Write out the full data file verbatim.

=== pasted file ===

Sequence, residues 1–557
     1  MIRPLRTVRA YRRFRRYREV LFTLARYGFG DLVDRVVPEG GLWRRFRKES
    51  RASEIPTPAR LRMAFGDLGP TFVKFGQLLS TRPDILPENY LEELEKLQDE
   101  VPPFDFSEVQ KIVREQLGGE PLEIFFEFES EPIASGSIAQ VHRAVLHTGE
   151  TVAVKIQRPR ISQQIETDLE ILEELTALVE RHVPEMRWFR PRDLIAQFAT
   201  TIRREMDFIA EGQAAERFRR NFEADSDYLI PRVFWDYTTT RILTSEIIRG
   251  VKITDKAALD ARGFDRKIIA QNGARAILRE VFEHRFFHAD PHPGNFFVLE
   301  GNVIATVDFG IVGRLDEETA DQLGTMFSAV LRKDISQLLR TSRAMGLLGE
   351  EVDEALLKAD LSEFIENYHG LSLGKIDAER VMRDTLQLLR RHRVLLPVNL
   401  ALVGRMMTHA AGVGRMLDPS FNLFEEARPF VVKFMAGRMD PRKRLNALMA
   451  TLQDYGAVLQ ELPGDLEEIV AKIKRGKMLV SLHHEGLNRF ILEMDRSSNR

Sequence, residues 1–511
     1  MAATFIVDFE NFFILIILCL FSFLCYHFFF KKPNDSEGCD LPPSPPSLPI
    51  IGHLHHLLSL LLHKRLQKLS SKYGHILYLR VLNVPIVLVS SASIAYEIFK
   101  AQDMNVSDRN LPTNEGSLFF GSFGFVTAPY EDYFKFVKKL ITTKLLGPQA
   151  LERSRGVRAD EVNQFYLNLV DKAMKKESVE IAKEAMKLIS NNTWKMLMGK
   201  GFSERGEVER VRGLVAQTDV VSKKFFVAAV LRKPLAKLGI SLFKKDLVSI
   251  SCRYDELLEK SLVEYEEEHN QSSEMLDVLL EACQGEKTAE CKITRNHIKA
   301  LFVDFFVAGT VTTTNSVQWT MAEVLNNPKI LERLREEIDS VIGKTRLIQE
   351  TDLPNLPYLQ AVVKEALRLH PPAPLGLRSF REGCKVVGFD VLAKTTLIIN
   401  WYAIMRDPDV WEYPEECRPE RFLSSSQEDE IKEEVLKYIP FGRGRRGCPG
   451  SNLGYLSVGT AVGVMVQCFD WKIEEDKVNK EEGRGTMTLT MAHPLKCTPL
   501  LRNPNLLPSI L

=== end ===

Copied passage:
Sequence, residues 1–557
     1  MIRPLRTVRA YRRFRRYREV LFTLARYGFG DLVDRVVPEG GLWRRFRKES
    51  RASEIPTPAR LRMAFGDLGP TFVKFGQLLS TRPDILPENY LEELEKLQDE
   101  VPPFDFSEVQ KIVREQLGGE PLEIFFEFES EPIASGSIAQ VHRAVLHTGE
   151  TVAVKIQRPR ISQQIETDLE ILEELTALVE RHVPEMRWFR PRDLIAQFAT
   201  TIRREMDFIA EGQAAERFRR NFEADSDYLI PRVFWDYTTT RILTSEIIRG
   251  VKITDKAALD ARGFDRKIIA QNGARAILRE VFEHRFFHAD PHPGNFFVLE
   301  GNVIATVDFG IVGRLDEETA DQLGTMFSAV LRKDISQLLR TSRAMGLLGE
   351  EVDEALLKAD LSEFIENYHG LSLGKIDAER VMRDTLQLLR RHRVLLPVNL
   401  ALVGRMMTHA AGVGRMLDPS FNLFEEARPF VVKFMAGRMD PRKRLNALMA
   451  TLQDYGAVLQ ELPGDLEEIV AKIKRGKMLV SLHHEGLNRF ILEMDRSSNR

Sequence, residues 1–511
     1  MAATFIVDFE NFFILIILCL FSFLCYHFFF KKPNDSEGCD LPPSPPSLPI
    51  IGHLHHLLSL LLHKRLQKLS SKYGHILYLR VLNVPIVLVS SASIAYEIFK
   101  AQDMNVSDRN LPTNEGSLFF GSFGFVTAPY EDYFKFVKKL ITTKLLGPQA
   151  LERSRGVRAD EVNQFYLNLV DKAMKKESVE IAKEAMKLIS NNTWKMLMGK
   201  GFSERGEVER VRGLVAQTDV VSKKFFVAAV LRKPLAKLGI SLFKKDLVSI
   251  SCRYDELLEK SLVEYEEEHN QSSEMLDVLL EACQGEKTAE CKITRNHIKA
   301  LFVDFFVAGT VTTTNSVQWT MAEVLNNPKI LERLREEIDS VIGKTRLIQE
   351  TDLPNLPYLQ AVVKEALRLH PPAPLGLRSF REGCKVVGFD VLAKTTLIIN
   401  WYAIMRDPDV WEYPEECRPE RFLSSSQEDE IKEEVLKYIP FGRGRRGCPG
   451  SNLGYLSVGT AVGVMVQCFD WKIEEDKVNK EEGRGTMTLT MAHPLKCTPL
   501  LRNPNLLPSI L